Adapted from meatfreemondays.com
Paul McCartney and his daughters started a movement in the UK (Meat Free Mondays) to encourage people to eat less meat. Many restaurants have integrated this campaign into their menus and it as spread across the world while helping convert many people (including myself) to vegetarianism. The Meat Free Mondays website has a collection of many great vegetarian and vegan recipes, including this one. This tart is incredibly easy and quick to make and uses everyday ingredients.
- ½ cup all-purpose flour
- ½ cup whole wheat flour
- 5 tablespoons butter (or margarine for a vegan version)
- 3 tablespoons cold water
- 1 onion, chopped coarsely
- 1 red bell pepper, sliced thickly
- 1 zucchini, sliced into 1-centimeter rounds
- 2 tablespoons olive oil
- salt, to taste
- 1 teaspoon dried thyme
- 1 teaspoon dried rosemary
- 1 teaspoon smoked paprika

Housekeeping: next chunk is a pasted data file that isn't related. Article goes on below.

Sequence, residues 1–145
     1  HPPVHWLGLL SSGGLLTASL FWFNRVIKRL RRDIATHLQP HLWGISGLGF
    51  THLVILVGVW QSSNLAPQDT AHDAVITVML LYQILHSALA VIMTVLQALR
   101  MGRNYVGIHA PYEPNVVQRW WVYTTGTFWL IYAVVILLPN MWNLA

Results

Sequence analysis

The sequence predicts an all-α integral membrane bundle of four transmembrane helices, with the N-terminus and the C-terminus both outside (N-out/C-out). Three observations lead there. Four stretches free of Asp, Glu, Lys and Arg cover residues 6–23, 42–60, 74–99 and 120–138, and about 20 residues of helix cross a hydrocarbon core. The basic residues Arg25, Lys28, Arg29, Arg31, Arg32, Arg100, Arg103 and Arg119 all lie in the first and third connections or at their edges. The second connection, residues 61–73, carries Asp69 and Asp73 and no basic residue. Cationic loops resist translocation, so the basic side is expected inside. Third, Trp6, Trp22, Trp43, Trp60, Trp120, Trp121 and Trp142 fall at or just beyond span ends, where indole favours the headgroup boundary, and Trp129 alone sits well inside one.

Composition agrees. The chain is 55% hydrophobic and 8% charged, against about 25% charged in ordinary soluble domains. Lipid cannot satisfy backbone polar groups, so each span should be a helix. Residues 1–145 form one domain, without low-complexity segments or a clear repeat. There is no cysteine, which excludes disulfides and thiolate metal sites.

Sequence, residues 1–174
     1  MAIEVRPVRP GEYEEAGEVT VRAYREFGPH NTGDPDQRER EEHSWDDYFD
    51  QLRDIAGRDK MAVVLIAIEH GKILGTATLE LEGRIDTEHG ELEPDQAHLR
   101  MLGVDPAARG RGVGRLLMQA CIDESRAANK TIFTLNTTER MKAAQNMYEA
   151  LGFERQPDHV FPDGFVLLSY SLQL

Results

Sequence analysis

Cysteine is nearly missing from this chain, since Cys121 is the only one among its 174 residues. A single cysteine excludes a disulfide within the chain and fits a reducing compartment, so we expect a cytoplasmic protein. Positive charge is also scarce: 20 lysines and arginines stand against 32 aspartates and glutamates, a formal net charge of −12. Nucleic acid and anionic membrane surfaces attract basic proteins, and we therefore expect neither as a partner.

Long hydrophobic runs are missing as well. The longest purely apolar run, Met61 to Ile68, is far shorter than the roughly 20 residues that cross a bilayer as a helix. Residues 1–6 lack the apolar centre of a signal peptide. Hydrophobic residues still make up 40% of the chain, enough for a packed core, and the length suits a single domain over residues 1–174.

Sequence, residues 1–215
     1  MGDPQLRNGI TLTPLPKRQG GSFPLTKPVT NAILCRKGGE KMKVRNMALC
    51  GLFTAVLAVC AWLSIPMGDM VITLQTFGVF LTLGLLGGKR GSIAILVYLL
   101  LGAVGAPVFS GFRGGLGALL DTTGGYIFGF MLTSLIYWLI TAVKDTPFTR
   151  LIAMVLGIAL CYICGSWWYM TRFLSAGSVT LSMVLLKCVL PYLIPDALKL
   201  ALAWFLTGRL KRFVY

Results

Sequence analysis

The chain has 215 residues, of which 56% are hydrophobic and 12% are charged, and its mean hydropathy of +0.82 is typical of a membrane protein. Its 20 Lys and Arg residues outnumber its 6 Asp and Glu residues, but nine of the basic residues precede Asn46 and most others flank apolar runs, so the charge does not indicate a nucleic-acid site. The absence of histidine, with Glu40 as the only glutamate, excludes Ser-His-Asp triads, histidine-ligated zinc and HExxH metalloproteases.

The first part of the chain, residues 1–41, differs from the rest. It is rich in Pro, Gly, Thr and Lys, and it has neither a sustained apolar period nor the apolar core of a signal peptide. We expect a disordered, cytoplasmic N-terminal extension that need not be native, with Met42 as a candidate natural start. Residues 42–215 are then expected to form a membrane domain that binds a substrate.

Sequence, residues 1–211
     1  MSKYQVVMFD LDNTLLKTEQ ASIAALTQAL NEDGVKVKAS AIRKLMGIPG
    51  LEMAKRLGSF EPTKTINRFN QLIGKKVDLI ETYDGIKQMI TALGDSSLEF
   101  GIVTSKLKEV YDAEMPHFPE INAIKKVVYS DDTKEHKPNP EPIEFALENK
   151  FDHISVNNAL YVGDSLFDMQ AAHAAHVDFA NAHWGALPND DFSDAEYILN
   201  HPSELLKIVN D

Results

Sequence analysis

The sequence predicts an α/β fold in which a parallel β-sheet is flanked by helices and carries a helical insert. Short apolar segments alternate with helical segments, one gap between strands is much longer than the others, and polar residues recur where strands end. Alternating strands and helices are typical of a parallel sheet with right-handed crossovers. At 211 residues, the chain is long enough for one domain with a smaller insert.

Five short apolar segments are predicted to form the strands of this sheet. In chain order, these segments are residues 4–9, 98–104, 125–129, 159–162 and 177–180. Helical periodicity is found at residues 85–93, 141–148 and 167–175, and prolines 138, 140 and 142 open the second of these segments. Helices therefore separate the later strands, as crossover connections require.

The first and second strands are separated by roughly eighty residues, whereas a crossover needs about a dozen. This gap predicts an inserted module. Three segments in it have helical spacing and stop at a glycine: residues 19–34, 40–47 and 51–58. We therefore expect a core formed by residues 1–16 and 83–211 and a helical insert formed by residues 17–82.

- Preheat the oven to 375F (190C). Grease a pie dish and set aside
- Mix the flours in a large bowl.
- Cut in the butter with a knife until the mix is like breadcrumbs.
- Add the cold water (add more if necessary) until the mix forms a dough.
- Wrap the dough in parchment paper and place in the fridge for a half-hour.
- Place all the chopped vegetables and herbs in a baking tray and toss in the olive oil.
- Bake the vegetables for about 25 minutes or until they are tender. Let cool.
- Roll out the chilled dough to 5-millimeter thickness and place in the prepared pie dish. Cover the dough with a piece of parchment paper and place pie weights (or beans) on top, making sure that they line the edges. Blind bake in the oven for 15 minutes.